I will confess that there have been tons of times in my own marital disagreements, when I have thought FOR SURE that I was the innocent party—completely blameless—times when I was convinced that finally the evidence was all on MY side—but when I took the time to ask God for His opinion, He opened my eyes and helped me to see how wrong I was! He showed me my false assumptions and judgmental attitudes. He showed me my impatience and insensitivity. He showed me that I was the one who needed straightening out. Hybels writes, “Tension in most marriages could be cut in half if spouses would pray every day about their marriages. God does miracles when people pray. Lives are changed and hearts are softened when people pray. Pointing fingers change direction when people pray. Problems shrink when people pray. Sometimes, conflicts even DISAPPEAR when people pray.” So when conflicts come, before you do anything else, pray. Ask for God’s help and insight.
Okay—to review, when disagreements come—be honest, be angry, be prayerful—
(4) …and then fourth, to fight right, be KIND.
Look at verse 29 where it says, “Do not let any unwholesome talk come out of your mouths, but only what is helpful for building others up according to their needs.” Verse 32 adds to this, saying, “Be KIND and compassionate to one another.”
Now, let me break this down for you and give you a few examples of what I mean when I say, BE KIND.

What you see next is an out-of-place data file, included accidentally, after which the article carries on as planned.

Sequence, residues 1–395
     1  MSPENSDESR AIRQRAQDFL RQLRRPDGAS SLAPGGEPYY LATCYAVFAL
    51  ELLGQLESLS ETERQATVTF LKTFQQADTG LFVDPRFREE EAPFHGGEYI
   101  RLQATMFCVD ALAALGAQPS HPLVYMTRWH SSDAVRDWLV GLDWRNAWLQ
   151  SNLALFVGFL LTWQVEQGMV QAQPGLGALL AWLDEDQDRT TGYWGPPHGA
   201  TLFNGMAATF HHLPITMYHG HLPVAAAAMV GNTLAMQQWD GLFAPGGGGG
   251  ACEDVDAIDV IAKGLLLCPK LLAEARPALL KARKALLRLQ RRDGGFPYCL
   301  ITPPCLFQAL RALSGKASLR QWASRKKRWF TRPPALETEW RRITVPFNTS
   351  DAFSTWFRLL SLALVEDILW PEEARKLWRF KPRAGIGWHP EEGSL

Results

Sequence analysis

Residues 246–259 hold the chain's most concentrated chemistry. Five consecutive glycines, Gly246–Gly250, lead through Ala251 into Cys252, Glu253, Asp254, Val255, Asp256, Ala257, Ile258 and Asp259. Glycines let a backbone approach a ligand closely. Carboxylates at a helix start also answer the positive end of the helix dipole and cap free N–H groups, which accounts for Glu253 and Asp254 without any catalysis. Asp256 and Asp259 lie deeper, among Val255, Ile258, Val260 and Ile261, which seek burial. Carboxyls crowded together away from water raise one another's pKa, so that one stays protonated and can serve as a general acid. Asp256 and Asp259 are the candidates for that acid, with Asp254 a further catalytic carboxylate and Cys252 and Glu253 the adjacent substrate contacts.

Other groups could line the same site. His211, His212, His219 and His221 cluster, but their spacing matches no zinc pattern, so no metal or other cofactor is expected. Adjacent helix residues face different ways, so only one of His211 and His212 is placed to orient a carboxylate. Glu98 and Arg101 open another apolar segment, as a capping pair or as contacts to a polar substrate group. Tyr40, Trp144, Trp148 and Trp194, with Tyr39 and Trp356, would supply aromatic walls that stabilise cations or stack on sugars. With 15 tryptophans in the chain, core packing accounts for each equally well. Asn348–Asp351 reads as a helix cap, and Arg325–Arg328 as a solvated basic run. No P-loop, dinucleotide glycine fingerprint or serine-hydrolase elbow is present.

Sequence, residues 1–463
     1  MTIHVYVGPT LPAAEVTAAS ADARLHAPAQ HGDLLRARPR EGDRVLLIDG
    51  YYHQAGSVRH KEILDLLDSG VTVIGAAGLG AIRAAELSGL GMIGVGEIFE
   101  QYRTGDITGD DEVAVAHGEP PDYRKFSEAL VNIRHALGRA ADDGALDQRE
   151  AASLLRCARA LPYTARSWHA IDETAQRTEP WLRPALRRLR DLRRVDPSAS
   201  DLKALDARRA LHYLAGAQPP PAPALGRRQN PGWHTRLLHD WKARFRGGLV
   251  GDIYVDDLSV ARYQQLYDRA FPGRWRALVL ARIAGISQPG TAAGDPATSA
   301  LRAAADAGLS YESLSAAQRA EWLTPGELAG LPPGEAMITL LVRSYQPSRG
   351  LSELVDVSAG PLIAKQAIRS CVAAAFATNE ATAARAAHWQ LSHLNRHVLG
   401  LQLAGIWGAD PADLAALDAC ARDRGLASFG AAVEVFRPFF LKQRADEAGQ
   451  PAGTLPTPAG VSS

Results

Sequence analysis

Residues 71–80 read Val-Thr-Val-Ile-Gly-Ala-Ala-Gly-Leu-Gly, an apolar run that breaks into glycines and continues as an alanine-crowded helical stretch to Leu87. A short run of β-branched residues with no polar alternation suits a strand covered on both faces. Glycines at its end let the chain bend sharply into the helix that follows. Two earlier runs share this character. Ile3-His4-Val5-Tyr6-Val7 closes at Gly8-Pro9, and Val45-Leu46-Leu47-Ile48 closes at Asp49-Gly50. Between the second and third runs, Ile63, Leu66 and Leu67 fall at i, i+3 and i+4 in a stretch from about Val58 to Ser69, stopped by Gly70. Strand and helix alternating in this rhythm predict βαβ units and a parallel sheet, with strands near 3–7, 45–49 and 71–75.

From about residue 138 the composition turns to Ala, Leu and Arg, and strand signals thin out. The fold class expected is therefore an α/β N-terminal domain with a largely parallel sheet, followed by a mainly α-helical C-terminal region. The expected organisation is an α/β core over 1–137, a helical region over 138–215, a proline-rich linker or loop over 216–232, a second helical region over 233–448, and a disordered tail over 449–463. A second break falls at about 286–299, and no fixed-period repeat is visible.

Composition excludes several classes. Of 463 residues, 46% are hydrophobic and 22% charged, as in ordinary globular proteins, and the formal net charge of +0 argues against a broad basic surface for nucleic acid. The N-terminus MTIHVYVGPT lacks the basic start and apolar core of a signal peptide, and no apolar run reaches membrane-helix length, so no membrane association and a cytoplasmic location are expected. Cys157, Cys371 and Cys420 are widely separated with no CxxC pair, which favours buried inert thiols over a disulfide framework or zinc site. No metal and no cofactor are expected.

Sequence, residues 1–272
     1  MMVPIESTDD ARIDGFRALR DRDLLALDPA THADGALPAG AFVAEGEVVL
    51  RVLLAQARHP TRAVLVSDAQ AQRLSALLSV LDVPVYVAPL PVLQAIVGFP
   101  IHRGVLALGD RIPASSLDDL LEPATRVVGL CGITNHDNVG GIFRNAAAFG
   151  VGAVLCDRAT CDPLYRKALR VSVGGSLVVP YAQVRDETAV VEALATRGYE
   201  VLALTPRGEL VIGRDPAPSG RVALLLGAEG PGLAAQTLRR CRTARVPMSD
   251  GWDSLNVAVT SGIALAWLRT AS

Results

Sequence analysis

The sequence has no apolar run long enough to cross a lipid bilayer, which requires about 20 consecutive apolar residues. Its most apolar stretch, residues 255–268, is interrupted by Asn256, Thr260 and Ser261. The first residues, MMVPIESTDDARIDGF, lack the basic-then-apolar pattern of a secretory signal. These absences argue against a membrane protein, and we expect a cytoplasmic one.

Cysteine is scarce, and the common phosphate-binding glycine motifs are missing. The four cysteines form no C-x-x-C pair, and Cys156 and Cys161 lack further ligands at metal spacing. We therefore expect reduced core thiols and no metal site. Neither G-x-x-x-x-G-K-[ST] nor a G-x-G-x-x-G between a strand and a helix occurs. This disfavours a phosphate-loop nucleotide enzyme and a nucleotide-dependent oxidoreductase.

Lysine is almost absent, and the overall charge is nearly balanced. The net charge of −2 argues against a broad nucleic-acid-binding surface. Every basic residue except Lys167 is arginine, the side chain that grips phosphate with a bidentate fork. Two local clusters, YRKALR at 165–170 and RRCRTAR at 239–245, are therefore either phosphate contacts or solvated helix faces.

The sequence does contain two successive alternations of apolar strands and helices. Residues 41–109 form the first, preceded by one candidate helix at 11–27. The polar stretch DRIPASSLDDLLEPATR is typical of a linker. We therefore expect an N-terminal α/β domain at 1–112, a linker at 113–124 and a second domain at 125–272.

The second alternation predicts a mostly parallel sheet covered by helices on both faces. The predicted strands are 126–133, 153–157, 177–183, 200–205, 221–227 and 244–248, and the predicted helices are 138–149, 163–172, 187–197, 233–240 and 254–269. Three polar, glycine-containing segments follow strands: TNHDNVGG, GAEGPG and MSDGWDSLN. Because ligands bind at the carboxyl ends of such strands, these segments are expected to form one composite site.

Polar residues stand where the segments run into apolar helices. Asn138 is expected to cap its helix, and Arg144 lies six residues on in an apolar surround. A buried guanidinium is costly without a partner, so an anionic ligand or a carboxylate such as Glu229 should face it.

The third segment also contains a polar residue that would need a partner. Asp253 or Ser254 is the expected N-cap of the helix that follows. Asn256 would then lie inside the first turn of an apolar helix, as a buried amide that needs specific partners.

- First, DON’T YELL. Remember, the louder your words are, the less your mate will hear.
- Second, DON’T SAY MEAN THINGS. The uglier our words, the less we will communicate.
In January of 2006, Australian scientists discovered the cause of a mysterious disease that had killed thousands of Tasmanian Devils on the island state of Tasmania. The scientists initially believed the deaths were caused by a virus; however, their research ultimately uncovered a rare, fatal cancer. They named it Devil Facial Tumor Disease, or DFTD. What is strange, according to cytogeneticist Anne-Marie Pearse, is that the abnormalities in the chromosomes of the cancer cells were the same in every tumor. That means the disease began in the mouth of a single, sick devil. That individual facilitated the spread of DFTD by biting its neighbors when squabbling for food—which, according to Pearse, is a natural devil behavior:
“Devils jaw-wrestle and bite each other a lot, usually in the face and around the mouth, and bits of tumor break off one devil and stick in the wounds of another.”